M. K. Theodoratus - Heroes Come in all Shapes and Sizes, Human or Gargoyle
Theodoratus is one of those strange people who has lived with fantasy since she started playing with imaginary friends. Now, she shares stories about two worlds: Andor where invading demons seek to conquer the world and the Far Isles where the Half-Elven struggle to survive. As our Author of the Day, she tells us all about her book, There Be Demons.
Please give us a short introduction to what There Be Demons is about.
After her parents' divorce, Britt Kelly ends up living in the projects with her step-sister. But her life becomes more complicated when the Gargoyle Guardians of Trebridge recruit her and her friends to fight invading demons.
What inspired you to write about someone who is recruited by Gargoyle Guardians?
I wrote a short story in response to a prompt for a writing class which eventually sold to a British ezine--Night for the Gargoyles. But I kept wondering what would happen when Brit and Gillen bonked heads. It took a complete novel, There Be Demons, to complete that story.
Tell us more about Britt Kelly. What makes her tick?
Britt is angry because her previous life has been shattered, but she is smart and caring. Love of her family, in spite of its bumpy spots, is her strongest guide in making her decisions.
Why fantasy? What drew you to the genre?
All fiction is fantasy because it starts with the assumption of "What if?". I play in the fantasy genre because I like to retreat from the tactile world; have since I had an imaginary playmate as a small child. Maybe, you can blame Andre Norton, who wrote both space opera and magical fiction. She was one of the first authors I encountered at the used book box at the used hardware store. Anyway, I still have some of those books on my shelves
Besides writing, what other secret skills do you have?
Don't have any secrets really. I'm sort of a what-u-see is what-u-get kind of person.
Do any of your characters ever take off on their own tangent, refusing to do what you had planned for them?
I'm not a plotter, but I'm not a pantser, either. I usually have an outline in my head about the major events that will happen. I think you might say I listen to what my characters tell me. I expect to go back to write significant scenes or add details, even in final drafts because people don't think in the same paradigm as a novel is constructed.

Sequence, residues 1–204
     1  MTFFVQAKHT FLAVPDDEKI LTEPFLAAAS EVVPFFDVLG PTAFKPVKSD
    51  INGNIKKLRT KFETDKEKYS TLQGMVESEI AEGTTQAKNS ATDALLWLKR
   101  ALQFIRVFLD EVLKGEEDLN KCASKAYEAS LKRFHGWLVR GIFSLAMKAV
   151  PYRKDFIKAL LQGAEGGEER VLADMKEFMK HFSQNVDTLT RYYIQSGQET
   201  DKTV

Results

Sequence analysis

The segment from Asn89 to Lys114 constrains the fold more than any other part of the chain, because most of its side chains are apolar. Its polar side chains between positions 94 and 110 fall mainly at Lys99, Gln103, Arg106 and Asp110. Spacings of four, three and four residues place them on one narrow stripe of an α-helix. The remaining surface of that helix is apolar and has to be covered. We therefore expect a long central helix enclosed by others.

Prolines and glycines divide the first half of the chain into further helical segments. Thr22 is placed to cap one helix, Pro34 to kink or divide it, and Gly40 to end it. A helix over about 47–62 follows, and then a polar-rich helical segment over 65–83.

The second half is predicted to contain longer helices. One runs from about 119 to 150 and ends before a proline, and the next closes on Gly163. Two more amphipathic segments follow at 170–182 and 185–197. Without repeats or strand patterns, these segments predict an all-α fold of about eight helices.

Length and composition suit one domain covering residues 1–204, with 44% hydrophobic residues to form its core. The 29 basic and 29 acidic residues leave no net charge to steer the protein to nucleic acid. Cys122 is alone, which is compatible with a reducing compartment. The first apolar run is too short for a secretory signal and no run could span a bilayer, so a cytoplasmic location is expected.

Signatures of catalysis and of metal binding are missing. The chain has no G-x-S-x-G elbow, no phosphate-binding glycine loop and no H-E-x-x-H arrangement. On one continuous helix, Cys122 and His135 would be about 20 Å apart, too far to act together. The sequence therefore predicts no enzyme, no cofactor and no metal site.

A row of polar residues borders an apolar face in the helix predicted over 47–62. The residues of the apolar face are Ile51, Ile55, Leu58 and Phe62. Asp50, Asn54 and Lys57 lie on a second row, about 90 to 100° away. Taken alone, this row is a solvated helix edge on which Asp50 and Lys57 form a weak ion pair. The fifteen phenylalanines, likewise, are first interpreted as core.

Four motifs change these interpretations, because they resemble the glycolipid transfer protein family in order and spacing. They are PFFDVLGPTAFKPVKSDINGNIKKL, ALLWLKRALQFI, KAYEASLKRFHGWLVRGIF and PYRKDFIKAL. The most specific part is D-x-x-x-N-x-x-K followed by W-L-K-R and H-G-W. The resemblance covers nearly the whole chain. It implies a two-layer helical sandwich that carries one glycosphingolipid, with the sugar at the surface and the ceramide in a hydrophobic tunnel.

Does writing about surreal worlds and enigmatic scenes present any particular problems?
"Surreal worlds and enigmatic scenes" seems to describe the world we live in pretty well. Maybe I write fantasy because it's easier to control.
Is there an underlying message you wish to relay about basic human nature through your characters?
That's a difficult question to answer succinctly. I might say that I try to reinforce the idea that you can remain a decent, caring human being when solving your problems.
Why did you pick a teenager as your unlikely hero?
Being a teenager is one of the most exciting times of life, the time when you are putting the pieces of your puzzle together to form who you are as an adult. All the drafted novels in my computer have "coming of age" or "realization" points as basic plot components. I don't think "teenager" is unlikely, except maybe by the norms of US society.
Where do your best ideas come from?
There Be Demons forms part of a series. Can it be read as a standalone? How do the other books in the series tie in with this one?
The series is like me--weird. Yes, the two books can be read alone, though they are set in the same world. Britt and Pillar are both mages and don't meet until the third book where they start out disliking each other. Maybe 2/3s of it is drafted. But my husband died and I had period of iffy health around that event. The result is I really didn't get much written in the last couple years. When I started writing again, I picked up my Far Isle Half-Elven world. I don't know when I'll play with Andor again. I do have some Dumdie stuff drafted, but she comes in after the demons have been contained by Britt and Pillar. [I don't consider that a spoiler because the expectation of reading fantasy is that your heros suceed.]
Do you have any interesting writing habits? What is an average writing day like for you?
Not really. Basically, I try to sit down at the computer and write for at least an hour a day. That's about as long as my neck can stand looking at the screen. I do shorter stints of other computer time like watching news blather or playing games.
What are you working on right now?
I'm writing about the aftermath of the Rebellion that freed the Half-Elven from the Suthron kingdom--a novel called The Pig Wars. Problem: My editor said I needed a prologue to explain the Rebellion in more detail. Result is a 50 page draft, and I still don't have a prologue. I have an idea of having my villain reminisce about my main character on the day of the battle. But the version in my computer is plodding and is going to be thrown out except for a couple of paragraphs, but I haven't gotten to it yet.
Where can our readers discover more of your work or interact with you?
In addition to my two novels, my short stories are mostly free on Kindle, Nook, kobo, and iBooks. My social media presence is haphazard. I have a website [www.mktheodoratus.com]. I used to do a blog but Goggle locked me out. Frankly, it's been about a year since my husband died, and I think I'm just beginning to be coming out of the shock.
I'm mad at Facebook , but that's probably the best place to contact me [https://www.facebook.com/M-K-Theodoratus-Fantasy-Writer-235376633158175/]. I don't go on there every day, but I do comment when other people comment. Or, I used to.